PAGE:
This object is from the early years of the reign of Edward VI. This will provide a last chance to raise the money to keep this historic item in the United Kingdom.
The Minister’s ruling follows a recommendation by the Reviewing Committee on the Export of Works of Art and Objects of Cultural Interest, administered by the Museums, Libraries and Archives Council (MLA). The Committee recommended that the export decision be deferred on the grounds that the drinking vessel is of outstanding significance for the study of the history and influence of Protestant ideology on domestic life in sixteenth century England.
The armorials on the cover of the vessel have been identified by the College of Arms as being those of the Warde family. The silver-gilt mounts carry the mark for 1550, the year William Warde (1534-1609) went up from Eton to King’s College, Cambridge. Warde went on to become an accomplished translator of important Continental physicians’ texts.
The London marks on the mount provide an important date for the introduction of this type of stoneware into England and also demonstrate the spread of English fashion for taking everyday domestic objects and turning them into luxury items through the use of elaborate mounts. This began in Court circles and spread into the emergent middle class. This tankard is unique for a vessel of this age in bearing an English inscription loosely derived from a verse in the Gospel of St John: ‘+ BVT + WHO: DRYNKETH: OF THE WATER: OF LYFE + SHALL + NEVER + THYRSTE: AG’ [AIN].
The translation of the Bible from Latin into English was one of the key achievements of the Protestant reformers in the 1530s and 40s. The use of Protestant sentiment on a piece of domestic tableware at this date is otherwise unrecorded. It is significant that the tankard belongs to the early years of the reign of Edward VI when those at the centre of political and religious life, including Archbishop Thomas Cranmer and the Council, were advancing their religious reforms.
Lord Inglewood, Chairman of the Reviewing Committee, said: “This unique tankard reflects a critical moment in English sixteenth-century history and of the Protestant doctrine’s spread across this country. The inscription may also possibly serve as an encouragement from an anxious father to the young William Warde to temper his own drinking as he began his university career!”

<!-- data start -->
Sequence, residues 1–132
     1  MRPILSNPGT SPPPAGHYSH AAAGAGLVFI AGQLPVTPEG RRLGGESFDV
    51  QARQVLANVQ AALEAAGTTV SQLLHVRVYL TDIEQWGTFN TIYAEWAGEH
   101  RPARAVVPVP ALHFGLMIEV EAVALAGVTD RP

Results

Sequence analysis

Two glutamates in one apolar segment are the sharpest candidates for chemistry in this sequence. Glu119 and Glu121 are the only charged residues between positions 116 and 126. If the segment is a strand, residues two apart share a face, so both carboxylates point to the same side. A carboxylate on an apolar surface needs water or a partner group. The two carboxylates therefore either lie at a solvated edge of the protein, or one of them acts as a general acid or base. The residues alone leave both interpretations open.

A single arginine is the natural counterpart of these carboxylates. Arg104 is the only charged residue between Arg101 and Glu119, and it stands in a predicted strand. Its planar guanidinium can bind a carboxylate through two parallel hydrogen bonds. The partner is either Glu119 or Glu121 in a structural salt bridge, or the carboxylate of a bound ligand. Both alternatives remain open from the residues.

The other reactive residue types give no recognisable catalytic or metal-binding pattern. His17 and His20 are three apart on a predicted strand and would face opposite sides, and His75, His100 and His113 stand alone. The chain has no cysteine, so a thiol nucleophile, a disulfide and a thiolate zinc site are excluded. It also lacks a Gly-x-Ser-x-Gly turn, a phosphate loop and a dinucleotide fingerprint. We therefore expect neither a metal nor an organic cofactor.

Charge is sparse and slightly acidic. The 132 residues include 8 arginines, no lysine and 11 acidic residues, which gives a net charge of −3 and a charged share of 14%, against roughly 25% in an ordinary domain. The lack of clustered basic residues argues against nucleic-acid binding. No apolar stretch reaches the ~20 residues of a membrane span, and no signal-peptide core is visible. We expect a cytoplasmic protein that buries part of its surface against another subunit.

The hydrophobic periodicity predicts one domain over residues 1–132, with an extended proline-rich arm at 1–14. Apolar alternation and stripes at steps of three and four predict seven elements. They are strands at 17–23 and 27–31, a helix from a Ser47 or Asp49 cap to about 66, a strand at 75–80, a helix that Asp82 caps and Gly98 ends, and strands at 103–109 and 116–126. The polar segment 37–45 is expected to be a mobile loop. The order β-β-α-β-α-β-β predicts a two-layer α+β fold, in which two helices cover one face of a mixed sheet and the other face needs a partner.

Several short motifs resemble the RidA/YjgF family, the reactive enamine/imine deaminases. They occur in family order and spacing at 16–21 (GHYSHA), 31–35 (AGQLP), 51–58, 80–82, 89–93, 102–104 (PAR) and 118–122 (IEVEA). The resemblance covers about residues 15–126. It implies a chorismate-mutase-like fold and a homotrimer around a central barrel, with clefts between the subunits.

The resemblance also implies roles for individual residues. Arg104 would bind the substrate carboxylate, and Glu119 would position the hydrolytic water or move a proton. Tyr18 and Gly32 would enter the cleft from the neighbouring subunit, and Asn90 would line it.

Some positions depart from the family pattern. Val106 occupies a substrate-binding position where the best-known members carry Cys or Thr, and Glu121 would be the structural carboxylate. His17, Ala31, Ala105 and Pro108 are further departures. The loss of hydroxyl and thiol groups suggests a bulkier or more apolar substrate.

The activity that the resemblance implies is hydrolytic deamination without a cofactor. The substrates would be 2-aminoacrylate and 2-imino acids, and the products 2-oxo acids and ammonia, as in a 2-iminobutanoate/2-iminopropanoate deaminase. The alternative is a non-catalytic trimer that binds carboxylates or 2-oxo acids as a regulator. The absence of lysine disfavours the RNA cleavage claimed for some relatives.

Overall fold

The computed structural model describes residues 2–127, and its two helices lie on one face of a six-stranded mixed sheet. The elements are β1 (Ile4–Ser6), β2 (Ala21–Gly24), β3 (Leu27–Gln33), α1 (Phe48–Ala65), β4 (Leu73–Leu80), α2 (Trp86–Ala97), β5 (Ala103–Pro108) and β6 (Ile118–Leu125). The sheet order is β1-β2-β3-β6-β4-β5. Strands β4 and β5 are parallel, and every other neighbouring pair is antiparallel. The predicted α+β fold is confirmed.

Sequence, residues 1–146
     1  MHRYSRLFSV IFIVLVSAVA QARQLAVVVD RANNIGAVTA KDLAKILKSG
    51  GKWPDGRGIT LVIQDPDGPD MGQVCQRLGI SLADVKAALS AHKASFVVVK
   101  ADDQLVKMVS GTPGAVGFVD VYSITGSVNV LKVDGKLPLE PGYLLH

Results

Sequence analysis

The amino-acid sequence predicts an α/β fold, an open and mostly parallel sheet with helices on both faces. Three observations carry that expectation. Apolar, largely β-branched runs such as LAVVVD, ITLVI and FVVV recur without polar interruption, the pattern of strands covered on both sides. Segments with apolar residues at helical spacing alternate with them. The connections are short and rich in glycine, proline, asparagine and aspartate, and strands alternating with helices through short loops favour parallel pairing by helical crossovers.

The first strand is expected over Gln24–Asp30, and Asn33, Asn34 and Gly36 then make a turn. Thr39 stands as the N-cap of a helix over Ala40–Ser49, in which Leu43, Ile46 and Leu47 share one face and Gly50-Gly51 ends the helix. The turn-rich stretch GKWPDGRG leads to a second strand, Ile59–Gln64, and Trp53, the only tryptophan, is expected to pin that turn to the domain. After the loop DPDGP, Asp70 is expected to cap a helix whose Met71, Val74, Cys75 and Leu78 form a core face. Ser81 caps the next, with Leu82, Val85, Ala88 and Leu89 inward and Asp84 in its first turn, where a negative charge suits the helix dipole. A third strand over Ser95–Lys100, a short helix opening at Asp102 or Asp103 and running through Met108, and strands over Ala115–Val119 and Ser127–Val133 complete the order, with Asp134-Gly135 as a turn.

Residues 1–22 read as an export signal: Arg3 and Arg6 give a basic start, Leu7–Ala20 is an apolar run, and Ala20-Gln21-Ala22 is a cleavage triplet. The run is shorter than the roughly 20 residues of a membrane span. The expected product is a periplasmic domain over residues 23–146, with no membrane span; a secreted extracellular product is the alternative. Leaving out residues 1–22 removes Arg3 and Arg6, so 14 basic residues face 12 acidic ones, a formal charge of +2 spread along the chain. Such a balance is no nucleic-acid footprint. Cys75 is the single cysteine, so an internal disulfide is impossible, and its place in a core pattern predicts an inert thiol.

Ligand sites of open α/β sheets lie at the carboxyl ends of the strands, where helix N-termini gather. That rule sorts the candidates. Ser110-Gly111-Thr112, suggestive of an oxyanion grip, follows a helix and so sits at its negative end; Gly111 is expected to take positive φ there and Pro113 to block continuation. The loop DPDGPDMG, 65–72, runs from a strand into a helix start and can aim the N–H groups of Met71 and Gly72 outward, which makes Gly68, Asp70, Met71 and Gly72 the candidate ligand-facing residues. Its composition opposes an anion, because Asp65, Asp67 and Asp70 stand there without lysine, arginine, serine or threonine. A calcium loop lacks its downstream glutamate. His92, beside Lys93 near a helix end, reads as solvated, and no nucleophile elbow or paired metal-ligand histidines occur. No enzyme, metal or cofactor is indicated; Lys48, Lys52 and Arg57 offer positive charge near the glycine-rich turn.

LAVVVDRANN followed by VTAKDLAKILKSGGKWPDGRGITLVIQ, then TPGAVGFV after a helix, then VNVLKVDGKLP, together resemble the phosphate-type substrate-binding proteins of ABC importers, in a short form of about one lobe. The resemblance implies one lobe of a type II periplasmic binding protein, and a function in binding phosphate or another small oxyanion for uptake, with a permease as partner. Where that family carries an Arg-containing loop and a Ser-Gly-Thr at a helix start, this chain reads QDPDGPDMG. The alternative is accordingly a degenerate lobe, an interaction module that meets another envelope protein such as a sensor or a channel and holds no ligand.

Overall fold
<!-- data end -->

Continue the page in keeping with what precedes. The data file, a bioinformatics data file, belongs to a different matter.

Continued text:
The decision on the export licence application for the drinking tankard will be deferred for a period ending on 10th August 2010 inclusive. This period may be extended until 10th November 2010 inclusive if a serious intention to raise funds with a view to making an offer to purchase it at the recommended fair market price of £179,787.50 (including VAT on the buyer’s premium) is expressed.
Anyone interested in making an offer to purchase this rare stoneware drinking tankard should contact the owner’s agent through:
The Reviewing Committee on the Export of Works of Art and Objects of Cultural Interest
Museums, Libraries and Archives Council
14 Bennetts Hill
Telephone 0121 345 7428
Notes to Editors
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For enquiries on the operation of, and casework arising from, the work of the Reviewing Committee on the Export of Works of Art and Objects of Cultural Interest (RCEWA) please contact Sean BC Farran, RCEWA Secretary, on 0121 345 7428, e-mail firstname.lastname@example.org
The Reviewing Committee on the Export of Works of Art and Objects of Cultural Interest is an independent body, serviced by MLA, which advises the Secretary of State for Culture, Media and Sport on whether a cultural object, intended for export, is of national importance under specified criteria. Where the Committee finds that an object meets one or more of the criteria, it will normally recommend that the decision on the export licence application should be deferred for a specified period. An offer may then be made from within the United Kingdom at or above the recommended fair market price.
The details of the drinking tankard are:
An Edward VI silver-gilt mounted Rhenish salt-glazed stoneware drinking pot, London, 1550, maker’s mark IC monogram 5 # in. (14.3 cm) high
William Warde also translated the sermons of John Calvin. In 1572 he signed a petition opposing the new University statutes which would allow students to begin their medical training without preliminary training in the arts. He became Regius Professor of Physic in 1591 and was spoken of as physician to Queen Elizabeth I and King James I.
Further details about the jug can be found in the auction catalogue at the Christie’s website.
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